Autodidactic Ambitions, Motivation

No More Trying To Be Superwoman: The Power of Focus

I have a 40-minute commute each way to my job at the middle school and so, to pass the time, I’ve been listening to audiobooks about how to become rich (since, as a schoolteacher, I’ve got such a great chance of that).  While there have been many similarities among the books (invest young, buy real estate, stay out of debt, make lots more money–duh), one thing that has struck me is that every single one has talked explicitly about the importance of focus in the quest of becoming rich.

One book I’m in the middle of right now–Automatic Wealth for Grads, by Michael Masterson–talked about how there are basically two types of ambitious people in the world: there are the ambitious people who choose one thing to work on at a time and concentrate on it with laser-like focus until they achieve it, and then there are the ambitious people who divide their attention among the many different goals they have.

I decided to ask my 7th graders which group they thought would perform better. About 2/3 thought that the people who concentrated on many different goals at the same time would accomplish much more in the end than the people who just concentrated on one.

They were wrong.

(Don’t worry–I broke it to ’em gently.)

Numerous studies have shown that our brains are actually not wired to multitask–in fact, according to most research, the concept of “multitasking” is misleading because it actually doesn’t exist; our brains are genetically incapable of focusing on more than one thing at a time. Therefore, when we spread out our focus amongst many things, we actually tend to get LESS done.

Why do I bring this up?

I’ll tell you why:

It’s because it’s like I have this gene that keeps telling me that I need to be Superwoman all the time. This Superwoman Gene keeps whispering in my ear that I need to not only keep a perfectly clean apartment, excel at my teaching job, read a book every week, cook a hot (nutritious) meal every night, exercise for an hour every day, and daily work on developiug my talents, but also that I need to look ridiculously good while doing it all. Basically, for most of my life, I’ve been a perpetual multi-tasker.

As a result, I’ve also been perpetually stressed out.

Then I started thinking about those times in my life when I have actually just focused on one main thing, like when I was training for the marathon, or when I served a mission for my church, or when I lost 10 pounds last summer.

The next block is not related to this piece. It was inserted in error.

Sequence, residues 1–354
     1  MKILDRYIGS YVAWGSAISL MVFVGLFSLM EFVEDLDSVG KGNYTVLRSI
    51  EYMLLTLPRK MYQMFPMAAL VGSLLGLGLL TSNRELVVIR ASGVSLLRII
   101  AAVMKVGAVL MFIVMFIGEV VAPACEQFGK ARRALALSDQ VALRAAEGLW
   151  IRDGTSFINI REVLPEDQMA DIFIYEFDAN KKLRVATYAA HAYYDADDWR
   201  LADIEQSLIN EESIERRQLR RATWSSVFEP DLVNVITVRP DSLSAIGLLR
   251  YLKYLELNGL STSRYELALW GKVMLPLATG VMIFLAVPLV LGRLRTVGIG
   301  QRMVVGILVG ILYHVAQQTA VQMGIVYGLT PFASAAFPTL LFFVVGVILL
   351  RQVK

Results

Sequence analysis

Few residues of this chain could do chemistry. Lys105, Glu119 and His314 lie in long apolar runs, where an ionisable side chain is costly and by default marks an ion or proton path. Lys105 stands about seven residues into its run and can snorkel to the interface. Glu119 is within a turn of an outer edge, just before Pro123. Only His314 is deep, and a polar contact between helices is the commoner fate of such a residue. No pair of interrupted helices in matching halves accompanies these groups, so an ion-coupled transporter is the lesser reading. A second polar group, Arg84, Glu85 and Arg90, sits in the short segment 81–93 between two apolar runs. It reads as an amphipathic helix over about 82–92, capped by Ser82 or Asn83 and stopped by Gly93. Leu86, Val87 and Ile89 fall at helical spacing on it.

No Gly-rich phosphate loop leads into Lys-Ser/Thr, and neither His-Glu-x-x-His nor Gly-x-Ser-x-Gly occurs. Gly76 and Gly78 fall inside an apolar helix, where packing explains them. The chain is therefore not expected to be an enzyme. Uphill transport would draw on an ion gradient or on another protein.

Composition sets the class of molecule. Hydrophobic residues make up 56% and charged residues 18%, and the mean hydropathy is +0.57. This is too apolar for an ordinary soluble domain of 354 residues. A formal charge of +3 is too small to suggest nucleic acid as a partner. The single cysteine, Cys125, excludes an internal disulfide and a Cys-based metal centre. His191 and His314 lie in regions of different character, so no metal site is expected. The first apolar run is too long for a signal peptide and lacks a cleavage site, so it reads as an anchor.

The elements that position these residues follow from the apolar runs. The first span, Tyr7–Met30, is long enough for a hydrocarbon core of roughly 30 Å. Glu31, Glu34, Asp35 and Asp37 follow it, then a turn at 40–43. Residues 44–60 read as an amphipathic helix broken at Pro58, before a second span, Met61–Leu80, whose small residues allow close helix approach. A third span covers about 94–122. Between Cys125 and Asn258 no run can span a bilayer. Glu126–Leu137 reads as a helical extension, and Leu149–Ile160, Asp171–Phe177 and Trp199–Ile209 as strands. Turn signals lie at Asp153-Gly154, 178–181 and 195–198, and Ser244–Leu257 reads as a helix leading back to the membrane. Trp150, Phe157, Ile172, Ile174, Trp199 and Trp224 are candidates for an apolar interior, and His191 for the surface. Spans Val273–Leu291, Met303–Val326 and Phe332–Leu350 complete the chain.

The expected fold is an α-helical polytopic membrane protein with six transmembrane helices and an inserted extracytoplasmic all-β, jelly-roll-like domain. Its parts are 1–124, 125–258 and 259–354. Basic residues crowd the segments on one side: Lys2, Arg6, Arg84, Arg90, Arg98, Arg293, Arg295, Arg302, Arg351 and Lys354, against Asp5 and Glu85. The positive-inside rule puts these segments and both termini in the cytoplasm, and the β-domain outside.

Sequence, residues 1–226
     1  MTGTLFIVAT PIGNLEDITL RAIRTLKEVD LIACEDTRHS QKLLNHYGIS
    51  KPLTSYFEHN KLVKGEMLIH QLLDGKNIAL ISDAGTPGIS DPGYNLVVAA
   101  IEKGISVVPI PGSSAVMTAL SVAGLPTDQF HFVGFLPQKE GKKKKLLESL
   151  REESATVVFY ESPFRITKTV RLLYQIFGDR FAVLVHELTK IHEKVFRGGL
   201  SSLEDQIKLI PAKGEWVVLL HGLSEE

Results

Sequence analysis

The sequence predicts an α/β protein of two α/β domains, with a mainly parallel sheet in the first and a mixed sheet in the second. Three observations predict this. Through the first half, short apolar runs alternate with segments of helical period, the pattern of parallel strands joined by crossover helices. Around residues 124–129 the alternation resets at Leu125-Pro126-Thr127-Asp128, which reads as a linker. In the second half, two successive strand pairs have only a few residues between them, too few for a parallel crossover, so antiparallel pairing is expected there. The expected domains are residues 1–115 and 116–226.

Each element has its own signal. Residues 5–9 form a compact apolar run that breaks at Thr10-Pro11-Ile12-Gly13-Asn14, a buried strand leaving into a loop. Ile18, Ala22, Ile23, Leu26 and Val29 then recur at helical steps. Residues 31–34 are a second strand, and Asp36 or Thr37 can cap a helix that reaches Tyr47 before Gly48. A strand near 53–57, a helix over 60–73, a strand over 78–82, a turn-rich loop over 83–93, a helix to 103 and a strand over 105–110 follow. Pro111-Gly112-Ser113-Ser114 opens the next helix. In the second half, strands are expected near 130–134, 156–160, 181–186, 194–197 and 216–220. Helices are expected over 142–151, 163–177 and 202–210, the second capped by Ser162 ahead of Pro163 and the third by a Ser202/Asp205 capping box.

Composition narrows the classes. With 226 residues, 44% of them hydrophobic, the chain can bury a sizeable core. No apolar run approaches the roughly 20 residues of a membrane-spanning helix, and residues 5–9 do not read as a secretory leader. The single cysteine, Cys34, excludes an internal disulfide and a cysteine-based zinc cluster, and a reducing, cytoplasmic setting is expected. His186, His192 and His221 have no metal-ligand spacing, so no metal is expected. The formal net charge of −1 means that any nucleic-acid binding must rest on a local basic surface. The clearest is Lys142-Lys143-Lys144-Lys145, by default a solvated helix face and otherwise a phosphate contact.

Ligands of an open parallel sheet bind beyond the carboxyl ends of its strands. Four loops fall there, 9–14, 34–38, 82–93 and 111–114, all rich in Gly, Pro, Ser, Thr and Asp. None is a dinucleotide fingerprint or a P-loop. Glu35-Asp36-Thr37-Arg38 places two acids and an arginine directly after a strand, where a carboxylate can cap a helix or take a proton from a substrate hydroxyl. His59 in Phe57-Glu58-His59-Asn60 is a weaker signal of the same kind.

And you know what? Those are some of my proudest accomplishments (at least my most recent ones). And I’m convinced the reason why I did so well at them is because I just let myself focus on one main goal at a time instead of trying to accomplish all of my goals at once. The coolest part? Often, when I’ve focused on just one thing, I’ve gotten it done so much more quickly. I mean, I lost ten pounds in a month! That’s amazing! And it’s because I let myself have that laser-like focus until the very end.

SO, the way I’m going to translate this focus-on-one-thing concept into immediate action is this:

1: Decide on ONE main goal that I’m going to focus on right now

For me, this one’s easy–I need to focus on applying and getting into grad school.

2. Break down all the things I have to do to accomplish the goal into a manageable to-do list with a timetable

I need to:

-Sign up for the GRE – September
-Study for the GRE (30 minutes each night, alternating Language and Math)  – Sep & Oct
-Take the GRE – mid-October
-Fill out the grad school application  – November, as soon as GRE scores are in
-Turn in the application   – November
-Figure out how I’m going to finance the whole endeavor  – Start now

3. Learn to ease up on my other goals in the process of going for my main goal

-Don’t freak out about the messy house
-Don’t freak out about me not exercising every day
-Don’t freak out if we sometimes order pizza for dinner

Now, this is not to say that we should completely let ourselves go while we’re going for our one main goal. Rather, I think that it’s a matter of keeping up the best you can with the good habits you already have and waiting to acquire/work on new ones until you’ve accomplished what you’ve set out to do.

One thing I keep telling myself?

The only reason I haven’t accomplished everything I’ve dreamed of is simply because I haven’t YET devoted the focus towards doing so.

But I will.

And I will now.

Hope this made sense–thanks for reading until the end    🙂

What big goal do you want to work on next?

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